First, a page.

Angeles City, Philippines - Each year on Good Friday, the village of Lourdes in the Philippines performs the "Passion play", a re-enactment of the events leading up to Jesus Christ's execution. The public performance concludes with the actual nailing of three penitents to wooden crosses atop a hill.
The event draws thousands of spectators - both foreign and local - to these extreme displays of devotion.
Hundreds of hooded penitents flagellate themselves with whips and bamboo sticks, or carry huge, heavy crosses as a sign of religious devotion. Even children imitate the penitents with their own whips, instilling the tradition in the next generation.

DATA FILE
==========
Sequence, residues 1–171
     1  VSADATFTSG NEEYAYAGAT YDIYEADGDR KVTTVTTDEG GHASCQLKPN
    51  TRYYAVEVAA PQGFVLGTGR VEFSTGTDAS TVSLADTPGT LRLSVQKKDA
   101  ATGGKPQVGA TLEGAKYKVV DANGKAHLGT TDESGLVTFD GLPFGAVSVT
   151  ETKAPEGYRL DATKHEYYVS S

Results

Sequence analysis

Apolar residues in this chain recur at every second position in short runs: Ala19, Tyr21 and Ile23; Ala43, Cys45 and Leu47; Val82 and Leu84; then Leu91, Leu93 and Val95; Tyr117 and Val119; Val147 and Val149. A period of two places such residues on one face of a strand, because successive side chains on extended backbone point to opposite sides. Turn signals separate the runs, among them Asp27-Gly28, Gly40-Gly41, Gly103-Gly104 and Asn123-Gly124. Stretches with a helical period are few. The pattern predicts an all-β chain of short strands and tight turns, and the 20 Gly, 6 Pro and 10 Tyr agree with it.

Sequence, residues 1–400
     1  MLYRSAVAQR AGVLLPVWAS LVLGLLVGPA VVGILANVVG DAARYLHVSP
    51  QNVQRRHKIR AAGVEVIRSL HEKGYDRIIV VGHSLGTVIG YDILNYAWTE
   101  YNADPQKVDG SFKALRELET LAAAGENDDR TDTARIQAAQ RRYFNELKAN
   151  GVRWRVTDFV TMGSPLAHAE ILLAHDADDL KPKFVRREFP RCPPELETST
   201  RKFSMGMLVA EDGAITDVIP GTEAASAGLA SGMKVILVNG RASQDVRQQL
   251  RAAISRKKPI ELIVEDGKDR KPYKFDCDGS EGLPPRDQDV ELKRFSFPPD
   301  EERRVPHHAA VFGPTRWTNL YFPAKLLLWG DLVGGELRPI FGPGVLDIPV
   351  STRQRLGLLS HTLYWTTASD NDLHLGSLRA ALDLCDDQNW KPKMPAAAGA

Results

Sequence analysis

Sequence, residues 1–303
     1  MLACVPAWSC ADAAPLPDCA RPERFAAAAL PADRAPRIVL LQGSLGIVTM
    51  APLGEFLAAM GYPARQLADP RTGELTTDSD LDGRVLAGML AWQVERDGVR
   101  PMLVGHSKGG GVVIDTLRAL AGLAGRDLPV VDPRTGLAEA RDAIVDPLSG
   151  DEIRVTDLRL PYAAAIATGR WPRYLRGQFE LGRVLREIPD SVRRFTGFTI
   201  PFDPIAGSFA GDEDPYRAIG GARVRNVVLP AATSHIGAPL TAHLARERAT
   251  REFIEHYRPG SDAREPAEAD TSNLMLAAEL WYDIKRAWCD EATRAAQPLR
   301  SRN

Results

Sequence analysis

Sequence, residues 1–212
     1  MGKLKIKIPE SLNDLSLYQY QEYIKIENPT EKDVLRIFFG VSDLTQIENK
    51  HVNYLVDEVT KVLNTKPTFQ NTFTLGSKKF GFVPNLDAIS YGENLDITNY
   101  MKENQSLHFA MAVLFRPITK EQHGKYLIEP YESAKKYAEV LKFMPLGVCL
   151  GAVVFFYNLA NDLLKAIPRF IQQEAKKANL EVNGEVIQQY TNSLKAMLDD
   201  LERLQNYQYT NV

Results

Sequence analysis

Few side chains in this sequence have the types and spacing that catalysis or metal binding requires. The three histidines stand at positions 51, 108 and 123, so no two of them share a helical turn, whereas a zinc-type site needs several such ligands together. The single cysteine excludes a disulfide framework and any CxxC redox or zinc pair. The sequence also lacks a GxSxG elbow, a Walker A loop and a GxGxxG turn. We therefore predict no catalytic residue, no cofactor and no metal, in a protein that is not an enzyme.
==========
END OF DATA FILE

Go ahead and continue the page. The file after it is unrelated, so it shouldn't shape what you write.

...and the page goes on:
The participants, who travel from across the country, believe that flagellation and crucifixions are ways to redeem their sins.
The Catholic Bishops Conference of the Philippines (CBCP) strongly discourages such practises, reminding the faithful to express their love for God by sharing with the poor instead.
"This week is holy not because of the shame and humiliation that Jesus endured. This week is holy because God filled this week with infinite love," CBCP President Archbishop Socrates Villegas said in a message posted on his Facebook page.